See you later, October

The former St. Mary’s School and Convent, German Village, Columbus, OH

I’ve always said that one of my favorite months of the year is October. The world comes alive in gold, orange and red, with mostly sunny days that don’t carry the humidity and oppressive heat of summer. It’s a pleasant in-between from the home stretch of summer in September to the world starting to turn a little darker earlier and a tad chillier in November.

Looking back at this year, whenever I reflected back on how a month or season ends, there always seemed to be a ting of sadness thanks to the grieving process. Frankly, I’m tired of writing about it, tired of living it, and have no idea what to think about the holidays coming up.

On one hand I’m looking forward to having a “real” Thanksgiving and Christmas after last year’s challenges of Grandma going to the hospital, getting discharged, then Grandpa going in and ultimately losing Grandpa. But at the same time, it’s also going to be the first Thanksgiving and Christmas without him and the anniversary of Grandpa’s passing is December 30th. At some point we’re all going to be grieving over the holidays.

I started off October coming out of a depressive episode and took the first ten days to get back to normal. The 12th was my appointment to see if there was a medication I could take as needed. To my disappointment but not surprise, depression isn’t something you can take a pill for as needed like you can with anxiety, although my PA suggested I would be a good candidate for a low-dose daily medication. Then I was uncertain if a daily medication was correct for me, so I declined and we agreed that if I changed my mind, all I needed to do was call and the doctor’s office would get my prescription filled.

I figured I’d give myself two weeks from the appointment to make my mind up.

Then exactly a week later, on the one day of the week we have to be in the office (I have a hybrid work-from-home schedule), I felt the same explosive thoughts and fight-or-flight response starting to flare up. I can’t pinpoint the trigger – was it the one rep who regularly sends me snotty emails that finally got to me? All the other folks in the office walking around and taking care of their daily business overwhelming me from all the busyness? A text message from Mom about something mundane that my stupid brain was re-interpreting as being an imposition?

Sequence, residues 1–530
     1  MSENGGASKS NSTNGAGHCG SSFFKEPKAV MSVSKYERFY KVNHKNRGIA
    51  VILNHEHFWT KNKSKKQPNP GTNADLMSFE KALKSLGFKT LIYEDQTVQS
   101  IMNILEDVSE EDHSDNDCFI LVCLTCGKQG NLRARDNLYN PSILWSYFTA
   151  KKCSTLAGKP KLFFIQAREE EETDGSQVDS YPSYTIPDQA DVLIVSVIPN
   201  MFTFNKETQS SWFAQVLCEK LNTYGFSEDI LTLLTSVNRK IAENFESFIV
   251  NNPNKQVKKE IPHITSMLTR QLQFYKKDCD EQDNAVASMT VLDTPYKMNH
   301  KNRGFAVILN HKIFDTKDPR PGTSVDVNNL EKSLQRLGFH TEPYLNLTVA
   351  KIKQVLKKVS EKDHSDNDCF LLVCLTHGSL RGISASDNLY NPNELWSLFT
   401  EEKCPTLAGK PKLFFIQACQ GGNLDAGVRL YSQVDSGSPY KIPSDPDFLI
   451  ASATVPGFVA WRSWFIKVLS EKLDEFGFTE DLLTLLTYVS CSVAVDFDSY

I didn’t cry or break down, but I did hightail it to one of the enclaves and call the doctor’s office about getting a prescription filled as soon as possible. The nurse called me back shortly, got my pharmacy information and called it over for pick up around 5:30 p.m.

I don’t remember how the rest of my work day went, since my focus was on getting to the store, getting my medicine and getting home to Marina as soon as possible for a restful night. I got to the store a little after 5 expecting the prescription to be ready, since my doctor’s office said they called it in a little before 4 and it doesn’t take long to fill a prescription for generic Wellbutrin.

By 5:30 it wasn’t ready. Okay, I’ll wait until 6 and kill some time.

By 6 it wasn’t ready. I wasn’t happy, but could wait until 6:30, pick it up and be home by 7 so my cat wouldn’t be going hungry for too long.

By 7 I was still there, and I was seeing red. I went back to the counter and got a different pharmacy tech, and asked when my prescription would be ready, since they closed at 8 and I wasn’t leaving until I left with my medicine. Second Tech checked her computer, made a comment about how the order hadn’t been submitted yet(!), but give them 15 to 20 minutes and they’ll have that ready for me.

At this point I was so mad, I wanted to start crying those angry, ugly, Hell-hath-no-fury-but-you’re-going-to-find out tears. My order was filled pretty quickly and I left with my prescription, as well as a few other groceries I needed to pick up. I kept myself together long enough and once I got in my car, I let it all out. All the bottled up resentment and frustration and feeling of helplessness and hopeless right there in the Giant Eagle parking lot.

I sobbed and cursed anyone who had no idea how much blessing they have but want to crap all over it. All the folks who think mental illness and depression is something to romanticize, to share on social media with videos of themselves crying for head pats. Those are the folks I would love to smack upside the head and ask them what the hell they’re doing. What I’ve been fighting with over this past year has been the most isolating, debilitating struggle of my life, and all I wanted was some relief. Depression is not a thing you have for attention or as a personality quirk – it’s hellish and in the worst case scenarios, it can kill someone. It was killing me and I couldn’t take it anymore.